Proactive Management of Company Culture Is the Cure for What Ails the Workplace

Recognize This! – “Facestabbing” in the workplace is a symptom, not the disease.

What’s your opinion of managing “Facestabbing” incidents in the workplace? When it comes to your attention that an employee has posted a negative comment of some kind about your company, superiors or colleagues, how does your company respond? How do you think it should respond?

Is there a formal policy? What is it? If not, do you think there should be a formal policy or procedure for addressing such comments progressively up to and including termination? Do you believe in a more informal approach?

Or do you see it more like my friend Bob Selden, author of the Management-Issues issues blog, who sees such Facebook commenting as “the old ‘water cooler gossiping’ or ‘heard it at the pub’ that have been part and parcel of work life forever?”

I tend to fall in the camp of how medical professionals might address Facestabbing – treat the disease, not the symptoms.

For some companies, treating the disease may be a bit like treating cancer at first, requiring excising of cancerous growths in the form of backstabbing, unproductive, and incompatible people that simply don't fit with a culture of appreciation focused on teamwork, success and a commitment to living out the company values in the daily work. As Josh Bersin pointed out:

“Companies which understand their core culture can far outperform their peers by building a set of staffing and management programs to reinforce this culture. And what this research clearly shows is that employee engagement (or employee satisfaction) is directly related to leadership and culture: the company must understand the culture it wants to create, hire for that culture, and manage around that culture.”

Once you have that culture built, the symptoms simply melt away.

Don’t forget on Monday next week I’ll be writing on my new blog – Recognize This! Content will be what you’ve come to expect here on the Globoforce blog, but with an expanded focus across the entire Talent Management spectrum. Current subscribers will move with me. If you want to subscribe to the corporate Globoforce Blog for new multi-author content on Globoforce news, events, customers and products, please subscribe here.

This Month on Compensation Café * Merit Increases Are Dead & 2 More

Today on Compensation Café I wrote about the possible death of merit increases as a feasible means of managing (and hopefully improving) employee performance. This year’s average merit increase is 3% -- barely a cost of living increase and not enough of a differentiation between employees who at the top of performance will receive a 4% salary increase as compared to those who meet expectations receiving 2.5% increases.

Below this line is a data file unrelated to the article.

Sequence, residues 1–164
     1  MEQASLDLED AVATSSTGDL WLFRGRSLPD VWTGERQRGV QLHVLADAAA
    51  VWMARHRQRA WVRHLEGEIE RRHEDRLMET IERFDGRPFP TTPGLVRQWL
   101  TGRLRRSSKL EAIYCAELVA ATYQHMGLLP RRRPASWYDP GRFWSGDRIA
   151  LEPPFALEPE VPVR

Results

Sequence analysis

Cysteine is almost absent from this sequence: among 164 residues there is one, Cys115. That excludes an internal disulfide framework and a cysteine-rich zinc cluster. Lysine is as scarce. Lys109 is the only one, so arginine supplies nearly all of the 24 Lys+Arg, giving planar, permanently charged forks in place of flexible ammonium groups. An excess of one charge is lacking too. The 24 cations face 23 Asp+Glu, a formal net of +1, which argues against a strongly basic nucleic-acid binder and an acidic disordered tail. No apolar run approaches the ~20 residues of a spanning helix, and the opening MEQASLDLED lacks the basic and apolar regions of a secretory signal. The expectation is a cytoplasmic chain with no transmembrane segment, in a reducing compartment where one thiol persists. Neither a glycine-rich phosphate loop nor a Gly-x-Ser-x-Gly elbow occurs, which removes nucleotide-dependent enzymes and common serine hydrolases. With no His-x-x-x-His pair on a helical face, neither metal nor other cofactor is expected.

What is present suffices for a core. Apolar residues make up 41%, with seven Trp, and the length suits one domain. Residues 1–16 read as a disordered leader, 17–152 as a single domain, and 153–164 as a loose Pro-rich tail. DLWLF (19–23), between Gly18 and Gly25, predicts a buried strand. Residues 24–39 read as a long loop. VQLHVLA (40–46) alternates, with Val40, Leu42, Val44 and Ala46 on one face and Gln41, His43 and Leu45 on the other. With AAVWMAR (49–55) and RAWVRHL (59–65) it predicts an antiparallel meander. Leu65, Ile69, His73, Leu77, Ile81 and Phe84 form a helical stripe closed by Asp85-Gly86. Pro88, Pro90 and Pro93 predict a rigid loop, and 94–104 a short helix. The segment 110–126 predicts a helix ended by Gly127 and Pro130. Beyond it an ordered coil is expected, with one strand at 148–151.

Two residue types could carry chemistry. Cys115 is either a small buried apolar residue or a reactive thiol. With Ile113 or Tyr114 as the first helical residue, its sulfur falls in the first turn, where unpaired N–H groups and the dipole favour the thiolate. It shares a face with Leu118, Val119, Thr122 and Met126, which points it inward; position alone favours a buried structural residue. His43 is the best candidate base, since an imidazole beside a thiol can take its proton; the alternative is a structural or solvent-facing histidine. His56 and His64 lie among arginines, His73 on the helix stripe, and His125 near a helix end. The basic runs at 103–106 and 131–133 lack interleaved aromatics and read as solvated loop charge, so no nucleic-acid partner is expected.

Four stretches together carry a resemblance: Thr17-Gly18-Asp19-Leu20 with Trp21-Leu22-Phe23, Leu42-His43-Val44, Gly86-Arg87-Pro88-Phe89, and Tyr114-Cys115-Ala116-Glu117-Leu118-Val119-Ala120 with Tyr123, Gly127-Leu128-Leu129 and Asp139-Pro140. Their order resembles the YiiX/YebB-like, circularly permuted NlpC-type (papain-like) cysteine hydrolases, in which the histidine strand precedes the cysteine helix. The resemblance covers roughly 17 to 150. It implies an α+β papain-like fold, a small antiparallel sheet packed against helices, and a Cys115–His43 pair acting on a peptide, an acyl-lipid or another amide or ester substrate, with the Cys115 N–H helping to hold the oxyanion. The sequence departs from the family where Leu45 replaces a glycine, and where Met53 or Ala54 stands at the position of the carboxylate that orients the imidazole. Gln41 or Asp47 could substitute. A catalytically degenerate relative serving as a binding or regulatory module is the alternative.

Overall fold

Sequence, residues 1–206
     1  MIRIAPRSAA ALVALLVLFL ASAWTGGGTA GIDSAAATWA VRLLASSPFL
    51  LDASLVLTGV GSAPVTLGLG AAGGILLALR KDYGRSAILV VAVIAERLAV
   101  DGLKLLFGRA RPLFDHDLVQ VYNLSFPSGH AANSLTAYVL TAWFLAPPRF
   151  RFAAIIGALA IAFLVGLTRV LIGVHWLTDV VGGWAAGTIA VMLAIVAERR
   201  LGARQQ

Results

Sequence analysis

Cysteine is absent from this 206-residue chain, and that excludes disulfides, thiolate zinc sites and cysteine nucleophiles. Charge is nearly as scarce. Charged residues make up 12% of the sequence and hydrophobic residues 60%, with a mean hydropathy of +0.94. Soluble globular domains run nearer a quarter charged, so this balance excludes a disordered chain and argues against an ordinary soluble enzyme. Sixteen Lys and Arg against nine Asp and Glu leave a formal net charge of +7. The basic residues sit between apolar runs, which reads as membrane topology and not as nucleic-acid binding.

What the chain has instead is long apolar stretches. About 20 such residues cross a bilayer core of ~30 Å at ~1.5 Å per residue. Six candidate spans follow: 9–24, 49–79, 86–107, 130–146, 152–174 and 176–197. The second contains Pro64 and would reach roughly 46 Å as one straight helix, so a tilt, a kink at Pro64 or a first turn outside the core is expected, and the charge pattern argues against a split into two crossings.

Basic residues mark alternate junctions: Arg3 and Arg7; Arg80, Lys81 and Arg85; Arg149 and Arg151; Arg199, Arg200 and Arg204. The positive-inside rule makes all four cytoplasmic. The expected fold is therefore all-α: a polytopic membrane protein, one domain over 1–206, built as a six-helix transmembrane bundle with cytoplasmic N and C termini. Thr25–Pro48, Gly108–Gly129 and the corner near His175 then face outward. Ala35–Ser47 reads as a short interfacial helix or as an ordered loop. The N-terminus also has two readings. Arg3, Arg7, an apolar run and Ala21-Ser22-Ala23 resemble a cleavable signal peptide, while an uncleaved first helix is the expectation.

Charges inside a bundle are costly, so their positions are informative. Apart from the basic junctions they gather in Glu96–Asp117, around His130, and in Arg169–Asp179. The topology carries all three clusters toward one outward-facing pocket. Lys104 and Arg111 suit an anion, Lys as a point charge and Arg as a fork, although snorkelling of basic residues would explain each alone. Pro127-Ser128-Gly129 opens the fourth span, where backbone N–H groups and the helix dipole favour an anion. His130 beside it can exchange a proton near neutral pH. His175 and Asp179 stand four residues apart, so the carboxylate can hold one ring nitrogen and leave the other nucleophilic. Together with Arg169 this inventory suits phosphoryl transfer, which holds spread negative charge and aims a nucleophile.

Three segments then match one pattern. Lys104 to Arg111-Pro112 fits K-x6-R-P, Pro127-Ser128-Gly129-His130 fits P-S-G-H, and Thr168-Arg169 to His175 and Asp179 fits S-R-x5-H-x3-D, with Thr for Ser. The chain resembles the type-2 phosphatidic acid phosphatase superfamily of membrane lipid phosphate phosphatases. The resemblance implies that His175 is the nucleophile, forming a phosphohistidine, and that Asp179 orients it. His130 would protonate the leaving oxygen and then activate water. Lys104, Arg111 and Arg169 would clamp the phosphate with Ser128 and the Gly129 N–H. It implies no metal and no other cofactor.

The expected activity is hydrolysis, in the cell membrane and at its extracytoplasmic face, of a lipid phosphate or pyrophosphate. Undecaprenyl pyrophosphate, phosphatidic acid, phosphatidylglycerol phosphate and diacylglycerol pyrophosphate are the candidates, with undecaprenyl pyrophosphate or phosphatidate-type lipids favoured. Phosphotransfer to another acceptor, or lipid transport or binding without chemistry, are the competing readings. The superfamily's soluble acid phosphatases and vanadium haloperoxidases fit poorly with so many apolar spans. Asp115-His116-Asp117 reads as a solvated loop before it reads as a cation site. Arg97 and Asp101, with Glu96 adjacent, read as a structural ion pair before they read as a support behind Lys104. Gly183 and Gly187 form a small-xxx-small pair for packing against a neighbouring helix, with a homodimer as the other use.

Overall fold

Where’s the differentiation in that? As inflation rises will those merit increases even be noticed? And even those increases for top performers are reliant on a largely failed annual performance review process. How many of you have dealt with the manager who says:

So what’s an alternative? I propose year-round rewards commiserate with year-round recognition of employee efforts. Those who perform at a higher level are naturally more frequently recognized and rewarded for those efforts.

Also this month in the café I wrote about Communicating Compensation, Total Rewards & Meaning in which I ask how well we communicate total rewards and the value of benefits packages to employees. More importantly, do we fully understand what it is about their total rewards package that most matters to employees?

In my third post of the month, I also spoke to the importance of communicating “dinner” vs. “dessert” to employees – ensuring the base compensation is fair and accurate before laying on recognition and rewards.

Pop over to Compensation Café and join the conversation or share your thoughts on this concept here. I’m really interested in what you think communicating total rewards and undifferentiated differentiation reward practices.

Also, don’t forget I’m moving to my own Recognize This! blog on Monday, May 2. Subscribers will move with me. If you want to subscribe to the corporate Globoforce Blog for new multi-author content on Globoforce news, events, customers and products, please subscribe here.

What’s a Leader Supposed to Do?

Recognize This! – A leader’s sole responsibility is to focus employee energy on achieving target objectives.

Leaders in an organization – especially people with the responsibility for managing others – are often overwhelmed with the many responsibilities, objectives and tasks on their own plates, much less those on their employees’. That’s why I enjoyed Chris Edmonds’ piece that focused expectations of leaders to one clear thing:


Isn’t that the essence of what we expect our leaders/managers to do? Set their employees on the path to delivering strategic objectives and doing so in a positive, helpful way that reflects the company’s core values?

That’s precisely what strategic employee recognition is designed to help leaders accomplish:

1) Clearly communicate expectations through frequent, in-the-moment praise and recognition of employee efforts that help meet company goals

2) But not offer that praise unless such employee efforts are in line with company values and a culture of positive appreciation and recognition.

As we learned in Monday’s post of highlights from an HBR podcast:

"If managers just increased their praise and recognition of one employee once a day for 21 business days in a row, six months later, those teams as opposed to control group, had a 31% higher level of productivity." 

Do you agree? Is this list of 1 sufficient for what we need leaders to do? What would you add?